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How to manifest travel in just six easy steps

Updated: Jan 11

Manifesting Travel

[ (v.) man·i·fest·ing + tra·vel ]

Aligning your thoughts + energy to create your dream travel experiences.

A man and woman stand at the edge of the Grand Canyon with the Colorado River in the background at sunset.
Hey, that's really us! Standing at the edge of the Grand Canyon. ©ManifestingTravel

What is manifesting?

So, what is manifesting anyway? Simply put, manifesting is aligning your thoughts and energy to attract what you want in your life and who you want to become. The practice is rooted in the Law of Attraction which ultimately states that your thoughts dictate your reality. Negative thoughts will reap negative outcomes, positive thoughts will reap positive outcomes, and whatever you focus your attention on, you get more of.

But before we really dig in, nobody is telling you to run out and buy crystals to chant under the full moon in the jungle with a naked shaman…also, nobody is telling you NOT to do that. Especially because that sounds like one travel experience you’ll never forget. But I am telling you that there are so many parallels between manifesting and concepts you already use that you should really take the time to explore. Because there’s a good chance you have probably already manifested something in your life without even realizing it.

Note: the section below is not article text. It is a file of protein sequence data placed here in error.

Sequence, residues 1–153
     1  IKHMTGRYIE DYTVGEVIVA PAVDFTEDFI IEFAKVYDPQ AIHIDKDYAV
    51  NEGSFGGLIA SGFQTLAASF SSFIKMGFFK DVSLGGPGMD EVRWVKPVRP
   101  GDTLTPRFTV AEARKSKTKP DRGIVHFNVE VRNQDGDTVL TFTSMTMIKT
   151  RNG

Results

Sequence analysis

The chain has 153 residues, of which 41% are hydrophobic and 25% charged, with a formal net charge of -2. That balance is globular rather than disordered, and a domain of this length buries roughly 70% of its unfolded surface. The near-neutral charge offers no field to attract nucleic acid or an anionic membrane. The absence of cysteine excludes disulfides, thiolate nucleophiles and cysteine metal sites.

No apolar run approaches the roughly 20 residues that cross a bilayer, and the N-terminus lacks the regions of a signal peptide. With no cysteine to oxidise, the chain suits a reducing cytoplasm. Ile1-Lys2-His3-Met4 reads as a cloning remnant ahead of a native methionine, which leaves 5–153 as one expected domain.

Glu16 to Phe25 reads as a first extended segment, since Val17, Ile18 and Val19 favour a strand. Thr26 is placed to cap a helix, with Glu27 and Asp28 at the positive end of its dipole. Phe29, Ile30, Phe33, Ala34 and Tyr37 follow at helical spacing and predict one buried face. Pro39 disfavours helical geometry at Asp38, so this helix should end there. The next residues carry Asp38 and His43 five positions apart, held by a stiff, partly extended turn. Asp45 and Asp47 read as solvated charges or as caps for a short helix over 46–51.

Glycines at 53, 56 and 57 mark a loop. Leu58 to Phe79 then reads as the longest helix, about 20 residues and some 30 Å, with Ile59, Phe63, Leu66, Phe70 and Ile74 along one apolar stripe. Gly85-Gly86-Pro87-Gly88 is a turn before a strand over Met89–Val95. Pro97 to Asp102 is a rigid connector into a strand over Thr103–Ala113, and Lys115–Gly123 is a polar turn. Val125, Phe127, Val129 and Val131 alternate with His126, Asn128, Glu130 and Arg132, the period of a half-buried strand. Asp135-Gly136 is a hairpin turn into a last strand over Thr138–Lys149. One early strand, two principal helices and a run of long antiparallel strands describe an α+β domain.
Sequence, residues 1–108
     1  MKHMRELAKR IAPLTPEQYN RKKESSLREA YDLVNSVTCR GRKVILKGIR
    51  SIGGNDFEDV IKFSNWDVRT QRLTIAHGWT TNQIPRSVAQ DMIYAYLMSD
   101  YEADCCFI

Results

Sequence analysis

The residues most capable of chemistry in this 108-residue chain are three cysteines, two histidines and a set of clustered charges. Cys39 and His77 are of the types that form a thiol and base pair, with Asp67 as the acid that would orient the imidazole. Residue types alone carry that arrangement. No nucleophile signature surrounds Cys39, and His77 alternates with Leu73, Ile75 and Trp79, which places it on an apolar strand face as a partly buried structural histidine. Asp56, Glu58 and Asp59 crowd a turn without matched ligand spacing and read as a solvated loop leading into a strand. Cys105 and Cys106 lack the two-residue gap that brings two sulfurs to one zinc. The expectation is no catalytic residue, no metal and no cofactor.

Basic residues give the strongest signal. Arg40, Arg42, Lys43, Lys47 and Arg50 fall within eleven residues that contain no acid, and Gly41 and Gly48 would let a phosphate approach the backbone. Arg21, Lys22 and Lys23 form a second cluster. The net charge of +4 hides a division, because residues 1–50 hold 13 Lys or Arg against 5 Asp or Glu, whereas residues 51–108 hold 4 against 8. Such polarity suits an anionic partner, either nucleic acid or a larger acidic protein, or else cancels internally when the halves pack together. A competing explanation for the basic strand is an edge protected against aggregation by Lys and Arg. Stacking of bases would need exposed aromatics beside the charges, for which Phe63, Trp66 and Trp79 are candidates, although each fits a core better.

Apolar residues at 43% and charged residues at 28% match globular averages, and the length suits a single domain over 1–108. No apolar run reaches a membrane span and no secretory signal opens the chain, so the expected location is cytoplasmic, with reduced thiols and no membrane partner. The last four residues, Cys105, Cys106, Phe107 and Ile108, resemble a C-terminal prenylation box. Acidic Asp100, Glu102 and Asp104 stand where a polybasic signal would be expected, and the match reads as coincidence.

A woman stands in the white sands of the Caribbean, looking out over Turquoise water.
Where are you manifesting travel? ©AlonzoWright

Why should you manifest travel?

At its core, the intrinsic benefit of manifesting travel is personal evolution. In other words, you will become a better human being just by traveling the world, because it is the ultimate amplifier for personal growth and fulfillment. The memories we collect while traveling through foreign lands translate to life lessons. Embracing uncertainty, building self-confidence, expanding our outlooks, developing more empathy; the benefits are endless.

Science even corroborates these claims. Columbia professor Adam Galinsky was quoted in The Atlantic regarding his study on the connection between international travel and boosting your creativity. He found that interacting with other cultures actually changes the neuroplasticity and cognitive flexibility of your brain. Immersive experiences, like trying local foods and hearing new languages, activate different synapses and can revitalize our minds. And the effects are long lasting, often resulting in a stronger sense of self, more creative and consistent problem-solving abilities and improved critical thinking skills.


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